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September 8, 2023

A Guide to Pension Schemes in Ireland: All You Need to Know

Ireland offers its citizens different social, occupational, and personal pension schemes. Learn about how they work and their taxation policies.

Aine Kavanagh

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Aine Kavanagh

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A pension scheme is a savings arrangement that helps secure your financial well-being in retirement. 

Various government and employer-sponsored pension schemes are available in Ireland. You also have the option to set up personal pensions for yourself. 

But how do these Irish pension schemes work?

How is your retirement pension taxed? 

Keep reading to get answers to all these questions and more.

How Pension Schemes Work in Ireland

Ireland's pension system comprises:

  • Government-backed state pensions

  • Private-sector occupational and 

  • Personal pension schemes

Let’s take a quick look at each scheme: 

1. Social Welfare Pension Schemes

Ireland’s social welfare pension schemes include the State Pension (Contributory) and the State Pension (Non-Contributory)

Both are weekly payments made by the Department of Social Protection to people aged 66 and above. 

For more information, check out our detailed guides on these schemes: 

2. Occupational Pension Scheme

Occupational pension schemes (aka company pension plans) in Ireland are employer-sponsored pension plans that offer regular income to employees in retirement. 

Two popular occupational pension schemes are defined contribution and defined benefit schemes. 

Find out everything you should know about Ireland’s Occupational Pension Schemes.

Are you an employer looking to offer an occupational pension scheme in Ireland?

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Kota offers a defined contribution pension scheme that lets you enrol employees in a corporate Master Trust, giving your team complete control over their contributions.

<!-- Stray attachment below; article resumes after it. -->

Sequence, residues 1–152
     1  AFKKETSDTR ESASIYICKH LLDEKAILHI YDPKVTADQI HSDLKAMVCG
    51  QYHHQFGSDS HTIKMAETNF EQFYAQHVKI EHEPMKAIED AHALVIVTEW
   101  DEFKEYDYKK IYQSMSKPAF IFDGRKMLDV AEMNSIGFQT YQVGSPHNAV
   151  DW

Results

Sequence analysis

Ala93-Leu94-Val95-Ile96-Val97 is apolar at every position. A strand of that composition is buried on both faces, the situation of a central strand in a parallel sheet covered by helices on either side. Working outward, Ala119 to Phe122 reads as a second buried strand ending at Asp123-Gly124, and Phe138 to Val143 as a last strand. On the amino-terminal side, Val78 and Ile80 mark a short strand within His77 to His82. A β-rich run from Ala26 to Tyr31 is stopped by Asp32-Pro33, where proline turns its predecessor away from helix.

It allows you to:

  • Offer flexible and portable retirement benefits to your employees in Ireland.

  • Set matching employer and employee contributions. 

  • Compare the performance of your retirement plan locally with geo-based data.

  • Automate pension processes and reduce extensive paperwork.

  • Integrate pension management with your existing human resources (HR) and payroll tools to reduce administrative burdens and costs. 

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3. Personal Pension Schemes 

A personal pension scheme (aka private pension scheme) is a retirement savings plan individuals set up through an investment or life assurance company. 

These are for self-employed people or workers whose employers don’t offer occupational pension plans. 

In Ireland, there are two types of personal pension plans: Personal Retirement Savings Accounts (PRSAs) and Retirement Annuity Contracts (RACs)

Learn more about the Personal Pension Schemes in Ireland

What’s more?

The Irish government plans to introduce the automatic enrolment retirement savings system in January 2025. This new system will: